Are you entitled to compensation?

If a flight you’re booked on is delayed or cancelled, you may be entitled to compensation – but only where the airline is at fault

Under EU law, airlines are required to pay compensation to passengers when their flights are delayed or cancelled. However, you only have the right to compensation in some circumstances.

There are two key factors:

  • How severely you have been inconvenienced.
    For instance, if you have only been delayed slightly, you may not be entitled to compensation. 

    Learn about delay times and compensation levels
     
  • The cause of the delay.
    If the delay was caused by something outside of your airline’s control, it is unlikely you will be entitled to compensation.

Extraordinary circumstances

The EU law on flight compensation uses the term ‘extraordinary circumstances’ to refer to situations where delays or cancellations have been caused by things outside of the airline’s control.

If extraordinary circumstances apply, you are not entitled to compensation.

Do extraordinary circumstances apply?

It can sometimes be difficult to establish whether a problem with a flight was caused by extraordinary circumstances. Airlines should tell you why your flight was delayed — but even then the situation may not be clear.

If you’re trying to work out whether extraordinary circumstances apply, it can help to think about these questions:

  • Was the airline at fault?
    For instance, if the delay was caused by an airline staff shortage, you may be entitled to compensation. But if the destination airport was closed, you will not.

  • Was the disruption predictable?
    For instance, if the disruption was caused by a mechanical problem arising from poor maintenance, you probably will be able to claim compensation.

  • Were other airlines been affected?
    In most cases, if the disruption affected more than one airline, it’s likely to be outside of your airline’s control and so you won’t be able to claim compensation.

Examples of extraordinary circumstances

Some common situations where extraordinary circumstances apply include:

  • Removal of unaccompanied baggage or unruly passengers.
  • Getting stuck in a long queue for airport security.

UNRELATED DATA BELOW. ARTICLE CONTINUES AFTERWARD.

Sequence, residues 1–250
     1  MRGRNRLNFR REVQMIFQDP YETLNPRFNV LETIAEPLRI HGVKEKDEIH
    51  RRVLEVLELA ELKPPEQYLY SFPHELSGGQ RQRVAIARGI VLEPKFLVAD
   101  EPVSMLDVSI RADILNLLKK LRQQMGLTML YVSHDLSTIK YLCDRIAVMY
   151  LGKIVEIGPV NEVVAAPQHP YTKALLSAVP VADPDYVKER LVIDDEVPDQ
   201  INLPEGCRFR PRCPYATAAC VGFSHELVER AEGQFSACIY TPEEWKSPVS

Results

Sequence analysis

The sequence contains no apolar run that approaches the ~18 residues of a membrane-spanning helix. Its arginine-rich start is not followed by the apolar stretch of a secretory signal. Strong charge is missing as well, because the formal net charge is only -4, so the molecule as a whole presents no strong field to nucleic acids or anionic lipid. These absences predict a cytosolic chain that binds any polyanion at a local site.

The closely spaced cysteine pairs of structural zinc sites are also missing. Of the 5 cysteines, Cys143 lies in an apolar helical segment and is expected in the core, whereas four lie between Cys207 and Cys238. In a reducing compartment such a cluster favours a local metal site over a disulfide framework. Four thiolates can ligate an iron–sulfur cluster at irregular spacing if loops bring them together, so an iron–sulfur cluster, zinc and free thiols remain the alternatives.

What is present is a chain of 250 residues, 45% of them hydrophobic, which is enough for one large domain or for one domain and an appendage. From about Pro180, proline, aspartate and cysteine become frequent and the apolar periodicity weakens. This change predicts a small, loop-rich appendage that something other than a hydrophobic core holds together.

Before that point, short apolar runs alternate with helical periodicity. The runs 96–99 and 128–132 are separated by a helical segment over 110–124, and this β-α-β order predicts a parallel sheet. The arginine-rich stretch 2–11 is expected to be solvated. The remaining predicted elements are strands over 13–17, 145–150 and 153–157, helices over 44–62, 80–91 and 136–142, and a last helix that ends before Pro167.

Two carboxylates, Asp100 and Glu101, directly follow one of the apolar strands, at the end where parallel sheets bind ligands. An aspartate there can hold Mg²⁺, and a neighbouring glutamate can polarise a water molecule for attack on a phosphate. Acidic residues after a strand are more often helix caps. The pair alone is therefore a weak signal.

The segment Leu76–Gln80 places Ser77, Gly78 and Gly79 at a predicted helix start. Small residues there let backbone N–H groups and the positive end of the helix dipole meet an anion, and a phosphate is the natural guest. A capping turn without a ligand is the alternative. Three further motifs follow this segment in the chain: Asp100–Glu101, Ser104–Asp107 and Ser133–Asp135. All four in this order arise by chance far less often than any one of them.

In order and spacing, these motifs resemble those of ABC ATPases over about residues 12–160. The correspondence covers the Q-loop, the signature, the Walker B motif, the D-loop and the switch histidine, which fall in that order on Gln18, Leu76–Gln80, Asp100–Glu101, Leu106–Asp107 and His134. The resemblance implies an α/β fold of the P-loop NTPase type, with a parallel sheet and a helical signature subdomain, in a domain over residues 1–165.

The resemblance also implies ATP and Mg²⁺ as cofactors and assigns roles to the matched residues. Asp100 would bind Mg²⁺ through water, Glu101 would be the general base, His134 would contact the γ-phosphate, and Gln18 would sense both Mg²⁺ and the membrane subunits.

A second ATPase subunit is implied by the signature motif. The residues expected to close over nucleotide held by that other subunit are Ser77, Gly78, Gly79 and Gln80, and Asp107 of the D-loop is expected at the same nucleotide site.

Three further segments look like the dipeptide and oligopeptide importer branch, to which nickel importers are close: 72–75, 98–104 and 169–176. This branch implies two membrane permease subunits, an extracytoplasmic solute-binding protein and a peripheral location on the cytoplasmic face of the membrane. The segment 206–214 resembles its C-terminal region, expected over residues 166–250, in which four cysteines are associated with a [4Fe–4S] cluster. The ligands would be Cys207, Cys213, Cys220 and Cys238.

• Weather conditions that could endanger the flight.
  • Airport closures or air traffic control restrictions.
  • Unexpected aircraft damage, such as that caused by a bird strike.
  • A passenger becoming ill during a flight.

Still not sure?

The EU has published a longer list of what National Enforcement Bodies (organisations like the CAA across the EU) consider extraordinary circumstances to include.

However, even with this to help, it can still be difficult to know for sure whether you are eligible for compensation.

If you are not sure whether extraordinary circumstances apply to your flight, but have read about your other rights and think you might have a case, it is usually worth applying to your airline for compensation. If they reject your claim then you can consider whether to pursue it further at that point.

More about claiming

If you think you have a strong case for compensation, see how to lodge a claim with your airline.

Heathrow Airport

Heathrow Airport Limited required some airlines to reduce the number of flights they were due to operate as a result of forecast fog on 14 March 2014.  During fog conditions it is necessary to provide for greater time periods between aircraft to ensure flights can continue to operate safely.  The following flights were cancelled due to the bad weather and the CAA considers that airlines could claim the cancellation was due to an extraordinary circumstance and that financial compensation would not apply for these flights.

  

Airline

Flight Number

Route

Scheduled Time of Departure

Virgin Atlantic

VS3012

Edinburgh-Heathrow

06.35

Virgin Atlantic

VS2002

Heathrow-Edinburgh

09.10

Germanwings

4U7464

Hamburg-Heathrow

07.30

Germanwings

4U7465

Heathrow-Hamburg

08.50